- Canine Health Information Center (CHIC) — Providing a source of health information for owners, breeders, and scientists that will assist in breeding healthy dogs. CHIC is a centralized canine health database jointly sponsored by the AKC/Canine Health Foundation (AKC/CHF) and the Orthopedic Foundation for Animals (OFA).
- AKC Canine Health Foundation — Working towards developing scientific advances in canine health.
- Canine Eye Registration Foundation (CERF)
- Orthopedic Foundation for Animals (OFA)
- Ontario Veterinary College (OVC)
- University of Pennsylvania Hip Improvement Program (PennHip)
- HealthGene — HealthGene Corporation is the leading provider of veterinary DNA diagnostic services in Canada.
- Labgenvet — Laboratory of Veterinary Genetics is a Canadian diagnostic laboratory that offers a comprehensive service of DNA tests for veterinary genetic diseases.
The Miniature Schnauzer’s double coat requires hand stripping for the show ring. In general, pet owners tend to keep the outer coat clipped to avoid the requirements of extensive grooming. However, in order to maintain the correct coat — the salt-and-pepper is the result of light and dark banding of each hair — the coat must be stripped rather than clipped.
Because the Miniature Schnauzer is non-shedding, regular grooming is a must. Clipping or hand stripping is required every five to eight weeks and weekly brushing of the beard and leg furnishings is also required. Nails should be kept trimmed and ears cleaned as well.
The Miniature Schnauzer is susceptible to periodontal disease. Food and plaque get trapped which in turn can lead to infection and receding gums. Some dogs may require frequent cleanings, therefore, it is a good idea to get into the habit of teeth brushing and inspecting the mouth for problems on a regular basis.
- Training — For training information, see this growing section of the Canada’s Guide to Dogs website for tips, articles, as well as listings of training centres across Canada.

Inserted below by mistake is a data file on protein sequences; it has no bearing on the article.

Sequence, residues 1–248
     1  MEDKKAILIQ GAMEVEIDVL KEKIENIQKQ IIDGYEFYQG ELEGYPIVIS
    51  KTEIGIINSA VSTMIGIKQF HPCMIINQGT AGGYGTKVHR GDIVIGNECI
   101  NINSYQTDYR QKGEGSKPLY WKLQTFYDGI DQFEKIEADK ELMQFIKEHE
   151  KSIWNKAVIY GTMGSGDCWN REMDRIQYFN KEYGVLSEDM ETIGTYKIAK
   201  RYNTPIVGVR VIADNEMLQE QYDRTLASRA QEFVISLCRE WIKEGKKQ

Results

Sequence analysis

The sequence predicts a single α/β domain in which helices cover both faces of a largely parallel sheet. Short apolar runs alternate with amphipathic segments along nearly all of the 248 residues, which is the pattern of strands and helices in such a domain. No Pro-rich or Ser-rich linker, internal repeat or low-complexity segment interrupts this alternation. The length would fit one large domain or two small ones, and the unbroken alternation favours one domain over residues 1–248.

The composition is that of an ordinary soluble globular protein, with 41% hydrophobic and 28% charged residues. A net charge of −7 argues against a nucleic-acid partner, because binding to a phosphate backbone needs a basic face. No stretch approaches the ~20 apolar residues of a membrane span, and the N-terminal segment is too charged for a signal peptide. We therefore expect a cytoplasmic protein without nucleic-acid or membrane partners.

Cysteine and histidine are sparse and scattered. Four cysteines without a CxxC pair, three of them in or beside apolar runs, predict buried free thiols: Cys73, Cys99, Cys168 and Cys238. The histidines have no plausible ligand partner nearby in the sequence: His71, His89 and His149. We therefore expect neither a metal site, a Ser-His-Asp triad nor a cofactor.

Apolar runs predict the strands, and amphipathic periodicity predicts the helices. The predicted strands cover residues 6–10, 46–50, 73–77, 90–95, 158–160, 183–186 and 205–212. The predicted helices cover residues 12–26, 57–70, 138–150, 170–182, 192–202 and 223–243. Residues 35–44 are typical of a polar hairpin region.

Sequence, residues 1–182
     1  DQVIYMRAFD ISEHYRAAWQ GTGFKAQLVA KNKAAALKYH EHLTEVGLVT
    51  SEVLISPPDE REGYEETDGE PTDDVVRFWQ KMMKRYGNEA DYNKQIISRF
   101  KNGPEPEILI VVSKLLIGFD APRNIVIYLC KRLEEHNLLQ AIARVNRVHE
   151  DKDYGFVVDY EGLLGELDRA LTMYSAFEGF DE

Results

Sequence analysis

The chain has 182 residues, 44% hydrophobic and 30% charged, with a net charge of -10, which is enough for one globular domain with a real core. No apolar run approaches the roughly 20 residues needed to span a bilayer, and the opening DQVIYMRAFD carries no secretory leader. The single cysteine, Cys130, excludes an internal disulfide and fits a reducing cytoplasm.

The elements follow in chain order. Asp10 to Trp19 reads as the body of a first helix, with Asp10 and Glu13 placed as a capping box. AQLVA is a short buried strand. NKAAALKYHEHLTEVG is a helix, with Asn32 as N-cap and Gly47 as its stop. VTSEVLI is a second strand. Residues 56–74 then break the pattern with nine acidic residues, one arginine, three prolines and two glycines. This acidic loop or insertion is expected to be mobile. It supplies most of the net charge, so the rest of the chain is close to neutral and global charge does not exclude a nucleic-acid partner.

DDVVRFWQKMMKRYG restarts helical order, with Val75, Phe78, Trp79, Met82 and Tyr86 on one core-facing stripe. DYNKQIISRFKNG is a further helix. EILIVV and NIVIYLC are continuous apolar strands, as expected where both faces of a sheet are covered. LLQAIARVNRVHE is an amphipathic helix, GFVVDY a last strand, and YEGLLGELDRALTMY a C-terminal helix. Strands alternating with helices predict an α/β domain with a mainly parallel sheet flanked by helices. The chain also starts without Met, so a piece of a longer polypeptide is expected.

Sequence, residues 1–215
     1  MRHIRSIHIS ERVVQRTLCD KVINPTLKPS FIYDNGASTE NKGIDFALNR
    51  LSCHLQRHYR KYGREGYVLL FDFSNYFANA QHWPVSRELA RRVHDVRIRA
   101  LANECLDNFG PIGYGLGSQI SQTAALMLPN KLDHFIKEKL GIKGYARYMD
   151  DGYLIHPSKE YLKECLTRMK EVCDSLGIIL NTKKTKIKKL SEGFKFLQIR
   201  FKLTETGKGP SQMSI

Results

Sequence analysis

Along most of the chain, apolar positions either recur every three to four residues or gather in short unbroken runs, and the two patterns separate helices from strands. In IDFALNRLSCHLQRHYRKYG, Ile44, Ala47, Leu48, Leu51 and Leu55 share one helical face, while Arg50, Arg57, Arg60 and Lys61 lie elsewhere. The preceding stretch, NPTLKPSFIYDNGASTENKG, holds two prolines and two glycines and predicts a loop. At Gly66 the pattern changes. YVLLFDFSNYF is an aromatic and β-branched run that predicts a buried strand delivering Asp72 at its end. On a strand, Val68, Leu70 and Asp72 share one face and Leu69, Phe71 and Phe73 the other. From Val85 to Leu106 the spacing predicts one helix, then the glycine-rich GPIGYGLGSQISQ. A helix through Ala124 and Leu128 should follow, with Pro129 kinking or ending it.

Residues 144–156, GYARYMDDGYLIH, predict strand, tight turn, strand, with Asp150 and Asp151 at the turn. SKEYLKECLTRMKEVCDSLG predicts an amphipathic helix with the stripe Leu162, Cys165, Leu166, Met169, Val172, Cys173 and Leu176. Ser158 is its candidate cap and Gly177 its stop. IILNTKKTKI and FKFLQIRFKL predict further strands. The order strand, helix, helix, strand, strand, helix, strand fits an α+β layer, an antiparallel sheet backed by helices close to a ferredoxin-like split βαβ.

- Why Not White Miniature Schnauzers? — Both the Canadian and American Breed Standards state that “white” is a disqualifying colour. This article is produced by the Miniature Schnauzer Club of Canada.
- Clubs, Sports & Activities — For information on the many sports and activities you can get involved in with your dog.
- Working Dogs — The Working Dogs section of the Canada’s Guide to Dogs website provides information and listings of organizations that are involved in various dog jobs, such as Guide Dogs, Therapy Dogs, Police Dogs, Protection Dogs, and much more.
*NOTE 1: CHIC – The Canine Health Information Center “is a database of consolidated health screening results from multiple sources. Co-sponsored by the Orthopedic Foundation for Animals (OFA) and the American Kennel Club (AKC) Canine Health Foundation, CHIC works with parent clubs to identify health screening protocols appropriate for individual breeds. Dogs tested in accordance with the parent club established requirements, that have their results registered and made available in the public domain are issued CHIC numbers.” To learn more, visit: www.caninehealthinfo.org
*NOTE 2: The Fédération Cynologique International (FCI) is the World Canine Organization, which includes 91 members and contract partners (one member per country) that each issue their own pedigrees and train their own judges. The FCI recognizes 344 breeds, with each being the “property” of a specific country. The “owner” countries write the standards of these breeds in co-operation with the Standards and Scientific Commissions of the FCI, and the translation and updating are carried out by the FCI. The FCI is not a breed registry nor does it issue pedigrees.